How would you describe your management style as an executive chef?
I think it depends on what your team needs. If your team needs a push them you need to give them a push, and if they need a pull you give them a pull. It needs to be flexible; it cannot be the same everywhere. Teamwork is equally important.

What are your plans here at Yak and Yeti?
Well, we are renovating our Sunrise Restaurant. It is coming up as an Indian and Nepali speciality restaurant featuring both modern and contemporary Indian dishes, but still includes your curry- in-the-bowl cuisine as most South Asian and South-East Asian dishes include a curry-in-a-bowl mix. It is really something to look forward to. We have planned a soft opening on Laxmi Puja.

Executive Chef Arindam Bahel also shared with us recipes for some fine Indian dishes that are sure to tantalise your taste buds this festive season.

Lamb Sartaj

Patties of minced lamb that are served along with mint chutney and yoghurt


  • Lamb mince – 1 Kg
  • Lamb fat- 1/4
  • Mint -1 bunch
  • Coriander- 1 bunch
  • Brown onion- 16 ounces
  • Ginger-8 ounces
  • Green chilli-8 ounces
  • Cheddar Cheese- 8 ounces
  • Cardamom powder-1 teaspoon
  • Mace powder-1/2 teaspoon
  • Salt- 2 ounces


  • Wash and chop the mint, cilantro and ginger.
  • Wash the meat, let the water drain, and pat dry.
  • Mince the lamb using a meat mincer adding all the ingredients together.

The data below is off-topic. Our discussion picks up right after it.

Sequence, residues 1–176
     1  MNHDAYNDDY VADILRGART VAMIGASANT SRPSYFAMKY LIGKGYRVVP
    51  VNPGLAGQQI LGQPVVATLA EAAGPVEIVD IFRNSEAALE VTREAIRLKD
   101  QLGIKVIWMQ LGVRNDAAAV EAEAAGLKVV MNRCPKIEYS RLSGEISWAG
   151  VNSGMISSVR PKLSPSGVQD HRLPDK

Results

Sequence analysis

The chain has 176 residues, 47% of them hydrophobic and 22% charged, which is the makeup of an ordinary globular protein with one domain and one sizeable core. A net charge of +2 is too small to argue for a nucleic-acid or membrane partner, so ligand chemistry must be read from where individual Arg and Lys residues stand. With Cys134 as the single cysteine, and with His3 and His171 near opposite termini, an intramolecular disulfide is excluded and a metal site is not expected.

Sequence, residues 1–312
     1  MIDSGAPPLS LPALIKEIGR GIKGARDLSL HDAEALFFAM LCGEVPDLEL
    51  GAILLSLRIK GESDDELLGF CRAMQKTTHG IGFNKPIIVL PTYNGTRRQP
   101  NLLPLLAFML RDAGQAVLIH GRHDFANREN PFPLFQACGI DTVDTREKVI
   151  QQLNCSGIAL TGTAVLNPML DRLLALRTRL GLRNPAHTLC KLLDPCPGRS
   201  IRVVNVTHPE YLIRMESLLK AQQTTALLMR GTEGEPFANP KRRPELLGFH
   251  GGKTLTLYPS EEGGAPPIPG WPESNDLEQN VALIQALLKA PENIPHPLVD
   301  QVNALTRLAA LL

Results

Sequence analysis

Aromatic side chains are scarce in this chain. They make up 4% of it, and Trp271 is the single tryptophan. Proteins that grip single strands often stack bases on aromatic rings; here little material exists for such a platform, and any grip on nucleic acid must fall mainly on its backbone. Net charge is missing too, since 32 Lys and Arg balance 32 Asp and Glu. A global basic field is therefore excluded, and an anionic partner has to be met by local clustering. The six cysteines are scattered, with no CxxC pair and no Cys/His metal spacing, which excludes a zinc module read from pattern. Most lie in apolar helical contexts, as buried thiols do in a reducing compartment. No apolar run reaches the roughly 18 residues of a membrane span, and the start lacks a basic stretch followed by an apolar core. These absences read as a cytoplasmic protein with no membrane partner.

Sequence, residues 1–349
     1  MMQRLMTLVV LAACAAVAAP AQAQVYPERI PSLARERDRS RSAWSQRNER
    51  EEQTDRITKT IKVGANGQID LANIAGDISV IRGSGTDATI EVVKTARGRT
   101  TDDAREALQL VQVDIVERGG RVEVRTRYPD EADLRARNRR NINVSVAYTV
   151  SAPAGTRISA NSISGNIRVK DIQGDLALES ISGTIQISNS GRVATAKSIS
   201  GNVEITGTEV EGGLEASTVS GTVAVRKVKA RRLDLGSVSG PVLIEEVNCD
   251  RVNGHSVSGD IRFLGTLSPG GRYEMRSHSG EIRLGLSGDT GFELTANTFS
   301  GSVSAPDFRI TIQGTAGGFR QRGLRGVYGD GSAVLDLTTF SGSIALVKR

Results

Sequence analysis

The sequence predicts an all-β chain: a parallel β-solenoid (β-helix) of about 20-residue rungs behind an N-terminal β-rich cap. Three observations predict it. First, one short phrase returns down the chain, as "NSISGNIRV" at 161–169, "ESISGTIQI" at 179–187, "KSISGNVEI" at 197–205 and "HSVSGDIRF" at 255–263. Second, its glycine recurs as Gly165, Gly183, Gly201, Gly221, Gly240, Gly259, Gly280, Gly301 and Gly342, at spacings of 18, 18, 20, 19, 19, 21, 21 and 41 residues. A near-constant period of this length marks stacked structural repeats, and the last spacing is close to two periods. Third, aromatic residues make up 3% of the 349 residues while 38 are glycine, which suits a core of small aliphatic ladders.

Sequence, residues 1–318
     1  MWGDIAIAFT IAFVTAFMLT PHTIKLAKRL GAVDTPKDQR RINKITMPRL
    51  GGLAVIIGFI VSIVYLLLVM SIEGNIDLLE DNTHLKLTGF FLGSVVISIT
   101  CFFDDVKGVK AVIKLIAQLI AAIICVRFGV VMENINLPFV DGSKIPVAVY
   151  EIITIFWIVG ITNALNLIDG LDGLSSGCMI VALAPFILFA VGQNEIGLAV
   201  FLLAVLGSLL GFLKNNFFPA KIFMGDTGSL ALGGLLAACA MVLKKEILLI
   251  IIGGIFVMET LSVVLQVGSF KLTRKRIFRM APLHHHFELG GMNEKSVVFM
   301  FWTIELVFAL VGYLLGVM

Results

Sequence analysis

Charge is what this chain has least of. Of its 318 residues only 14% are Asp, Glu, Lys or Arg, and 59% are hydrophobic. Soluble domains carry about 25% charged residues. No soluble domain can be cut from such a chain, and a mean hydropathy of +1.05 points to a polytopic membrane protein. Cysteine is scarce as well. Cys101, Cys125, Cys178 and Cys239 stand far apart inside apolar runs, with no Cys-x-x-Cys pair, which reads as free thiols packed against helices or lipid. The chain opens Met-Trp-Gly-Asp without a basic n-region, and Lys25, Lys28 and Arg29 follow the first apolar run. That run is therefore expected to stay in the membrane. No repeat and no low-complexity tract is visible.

• Rest it for 2- 3 hours in the refrigerator.
  • Make small patties and shallow fry and serve with mint chutney and yoghurt.


A flavourful, slow-cooked Malaysian curry that coats the meat in such a way that the tender meat mixes perfectly with rice being the least bit dry. The Chef recommends making this on the stove for best results.


  • 12 dried chillies, rehydrated in boiling water, or 12 large fresh ones
  • 1 small onion, finely chopped
  • 5 cloves garlic, minced
  • 3 lemongrass stalks, white part only, sliced
  • 1 1/2 tbsp fresh galangal, finely chopped
  • 1 1/2 tbsp fresh ginger, minced
  • 2 tbsp oil (vegetable, canola or peanut oil)

For the CURRY

  • 2 lb./ 1 kg Goat meat, preferably leg, cut into 4cm / 1.6” cubes
  • 1 tbsp. oil (vegetable, peanut, canola)
  • 1 cinnamon stick
  • 1/4 teaspoon clove powder
  • 3-star anise
  • 1/2-teaspoon cardamom powder
  • 1 lemongrass stick, bottom half of the stick only and smashed
  • 400ml / 14 ounces of coconut milk (1 standard can)
  • Tamarind pulp soaked in 1 tbsp. of hot water, seeds removed
  • 4 large kaffir lime leaves (or 6 small), very finely sliced
  • 1/3 cup desiccated coconut (finely shredded coconut)
  • 1 tablespoon brown sugar or grated palm sugar
  • 1 1/2 teaspoon salt


  • Place the Spice Paste ingredients in a small food processor and whizz until fine.
  • Heat oil in a heavy bottom pot over high heat, add the meat, and remove when brown.
  •  Lower the heat to medium, add the spice paste and cook for 2 - 3 minutes until the wetness has reduced and the spice paste darkens
  • Add the Curry ingredients and the meat back in the pot, stir and combine.
  • Bring to simmer, then immediately turn down the heat to low or medium-low so the sauce is bubbling gently.
  • Put the lid on the pot and leave it to simmer for 1hour 15 minutes, keep stirring occasionally so that ingredients don’t stick to the bottom; once the meat is done, open the lid, increase the flame, and reduce the sauce for 30 - 40 minutes, stirring occasionally at first, and then frequently towards the end, until the meat browns and the sauce reduces to a paste that coats.
  • The meat should now be very tender, fall apart at a touch. If not, add a splash of water and keep cooking. Remove from heat and serve with plain rice.